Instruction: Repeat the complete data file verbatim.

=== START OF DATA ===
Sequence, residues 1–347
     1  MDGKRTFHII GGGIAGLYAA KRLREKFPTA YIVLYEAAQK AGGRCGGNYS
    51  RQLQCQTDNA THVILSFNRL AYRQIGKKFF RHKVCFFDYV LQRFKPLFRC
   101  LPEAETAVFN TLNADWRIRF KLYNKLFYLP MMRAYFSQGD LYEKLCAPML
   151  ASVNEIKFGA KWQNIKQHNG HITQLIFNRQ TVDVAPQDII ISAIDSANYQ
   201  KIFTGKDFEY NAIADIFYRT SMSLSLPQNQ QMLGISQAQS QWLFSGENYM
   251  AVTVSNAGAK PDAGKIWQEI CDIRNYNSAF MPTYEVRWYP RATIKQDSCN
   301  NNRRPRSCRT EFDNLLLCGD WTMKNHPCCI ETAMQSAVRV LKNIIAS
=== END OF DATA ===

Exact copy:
Sequence, residues 1–347
     1  MDGKRTFHII GGGIAGLYAA KRLREKFPTA YIVLYEAAQK AGGRCGGNYS
    51  RQLQCQTDNA THVILSFNRL AYRQIGKKFF RHKVCFFDYV LQRFKPLFRC
   101  LPEAETAVFN TLNADWRIRF KLYNKLFYLP MMRAYFSQGD LYEKLCAPML
   151  ASVNEIKFGA KWQNIKQHNG HITQLIFNRQ TVDVAPQDII ISAIDSANYQ
   201  KIFTGKDFEY NAIADIFYRT SMSLSLPQNQ QMLGISQAQS QWLFSGENYM
   251  AVTVSNAGAK PDAGKIWQEI CDIRNYNSAF MPTYEVRWYP RATIKQDSCN
   301  NNRRPRSCRT EFDNLLLCGD WTMKNHPCCI ETAMQSAVRV LKNIIAS